I don't think anyone really thinks that the things that are in the movies about mummies are true, they just like those stories and they make you interested in the real story."

Like Parra, Mascort stresses that mummies are being treated well right now.

"In excavations, exhibitions, museums, research, respect for mummies as human bodies is currently placed above all else."

The Egyptologist considers the use of the word mummy necessary because it is striking and attractive, and that plays in her favor.

For Salima Ikram, one of the world's leading experts on mummies and who works with various missions on the ground, author of numerous reference books and recently in Spanish

Death and burial in Ancient Egypt

(Almuzara, 2022), the name change " I don't think it's necessary at all."

“On the contrary”, she continues, “ I find

mummified remains

insulting and dehumanizing, and many colleagues share my opinion;

remains

suggests that the body is fragmented, and to me it evokes what is left on the plate”.

Salima Ikram, next to a mummified crocodile.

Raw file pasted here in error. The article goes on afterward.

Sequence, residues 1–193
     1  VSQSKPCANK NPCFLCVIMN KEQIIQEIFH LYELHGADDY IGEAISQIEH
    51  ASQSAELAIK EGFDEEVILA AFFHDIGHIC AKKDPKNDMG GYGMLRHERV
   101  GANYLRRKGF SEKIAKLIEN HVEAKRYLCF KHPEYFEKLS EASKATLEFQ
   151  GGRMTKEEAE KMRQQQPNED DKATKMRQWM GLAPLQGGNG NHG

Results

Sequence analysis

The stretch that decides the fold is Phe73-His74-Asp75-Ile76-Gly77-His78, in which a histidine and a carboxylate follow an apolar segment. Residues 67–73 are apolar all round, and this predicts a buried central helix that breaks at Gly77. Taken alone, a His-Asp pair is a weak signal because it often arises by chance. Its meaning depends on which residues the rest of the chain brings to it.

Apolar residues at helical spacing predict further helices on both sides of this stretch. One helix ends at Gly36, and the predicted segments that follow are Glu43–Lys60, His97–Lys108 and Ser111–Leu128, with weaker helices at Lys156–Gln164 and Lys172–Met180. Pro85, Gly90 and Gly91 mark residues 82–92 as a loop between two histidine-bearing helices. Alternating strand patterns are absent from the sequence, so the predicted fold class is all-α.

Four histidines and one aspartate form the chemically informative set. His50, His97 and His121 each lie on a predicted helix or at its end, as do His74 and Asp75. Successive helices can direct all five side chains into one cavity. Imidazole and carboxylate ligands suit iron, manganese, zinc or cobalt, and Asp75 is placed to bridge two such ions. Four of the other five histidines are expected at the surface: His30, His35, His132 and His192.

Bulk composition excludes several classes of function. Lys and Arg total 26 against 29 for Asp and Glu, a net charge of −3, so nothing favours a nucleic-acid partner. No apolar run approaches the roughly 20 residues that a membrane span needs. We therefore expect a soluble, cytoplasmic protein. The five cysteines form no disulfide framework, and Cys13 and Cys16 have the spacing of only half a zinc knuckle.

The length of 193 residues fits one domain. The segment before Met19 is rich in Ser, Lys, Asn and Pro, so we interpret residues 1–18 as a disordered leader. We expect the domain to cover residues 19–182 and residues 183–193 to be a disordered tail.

For the prestigious Egyptologist from the American University in Cairo, "the problem is the need to educate people so that they understand that a mummy is a human being (or another being in the case of animals) that has gone through a complex transformation process that the ancient Egyptians considered essential to become divine and live forever.

I don't think changing the name/word used to describe that transformed body is going to change attitudes, education will!

Ikram wonders why

mummified remains

should sound better than mummy.

“I am saddened by this simple idea that changing the name alters or improves the understanding;

explanations and education are crucial.”

For Mariàngela Taulé, an Egyptologist and director of the Museu Egipci de Barcelona, ​​a private center dependent on the Jordi Clos Foundation, the initiative of the British Museum sounds a bit far away.

“We are a modern institution, born 30 years ago, while they have the problems of a museum created in 1753 and with eight million objects.

We have in our rooms a mummy that was anonymous, but we named it the Lady of Kemet to refer to it in a personalized way.